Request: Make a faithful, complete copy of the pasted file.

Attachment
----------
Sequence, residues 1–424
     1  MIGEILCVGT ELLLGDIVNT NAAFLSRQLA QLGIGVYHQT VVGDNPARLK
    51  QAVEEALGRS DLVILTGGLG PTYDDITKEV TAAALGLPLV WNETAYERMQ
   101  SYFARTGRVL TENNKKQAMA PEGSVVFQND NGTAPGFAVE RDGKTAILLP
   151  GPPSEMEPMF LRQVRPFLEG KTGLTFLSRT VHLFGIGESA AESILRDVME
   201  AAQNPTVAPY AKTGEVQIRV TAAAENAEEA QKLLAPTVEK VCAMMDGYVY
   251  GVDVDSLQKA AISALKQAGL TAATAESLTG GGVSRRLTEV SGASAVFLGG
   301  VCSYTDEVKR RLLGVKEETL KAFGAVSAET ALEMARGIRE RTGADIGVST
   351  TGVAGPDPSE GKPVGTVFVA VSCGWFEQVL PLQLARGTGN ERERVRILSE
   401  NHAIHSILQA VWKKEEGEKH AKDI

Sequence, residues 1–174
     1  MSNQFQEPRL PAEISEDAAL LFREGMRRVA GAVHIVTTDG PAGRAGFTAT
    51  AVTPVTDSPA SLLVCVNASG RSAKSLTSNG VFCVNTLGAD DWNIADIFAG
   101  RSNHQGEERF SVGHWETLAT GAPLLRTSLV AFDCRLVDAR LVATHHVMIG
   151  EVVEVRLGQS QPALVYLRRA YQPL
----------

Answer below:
Sequence, residues 1–424
     1  MIGEILCVGT ELLLGDIVNT NAAFLSRQLA QLGIGVYHQT VVGDNPARLK
    51  QAVEEALGRS DLVILTGGLG PTYDDITKEV TAAALGLPLV WNETAYERMQ
   101  SYFARTGRVL TENNKKQAMA PEGSVVFQND NGTAPGFAVE RDGKTAILLP
   151  GPPSEMEPMF LRQVRPFLEG KTGLTFLSRT VHLFGIGESA AESILRDVME
   201  AAQNPTVAPY AKTGEVQIRV TAAAENAEEA QKLLAPTVEK VCAMMDGYVY
   251  GVDVDSLQKA AISALKQAGL TAATAESLTG GGVSRRLTEV SGASAVFLGG
   301  VCSYTDEVKR RLLGVKEETL KAFGAVSAET ALEMARGIRE RTGADIGVST
   351  TGVAGPDPSE GKPVGTVFVA VSCGWFEQVL PLQLARGTGN ERERVRILSE
   401  NHAIHSILQA VWKKEEGEKH AKDI

Sequence, residues 1–174
     1  MSNQFQEPRL PAEISEDAAL LFREGMRRVA GAVHIVTTDG PAGRAGFTAT
    51  AVTPVTDSPA SLLVCVNASG RSAKSLTSNG VFCVNTLGAD DWNIADIFAG
   101  RSNHQGEERF SVGHWETLAT GAPLLRTSLV AFDCRLVDAR LVATHHVMIG
   151  EVVEVRLGQS QPALVYLRRA YQPL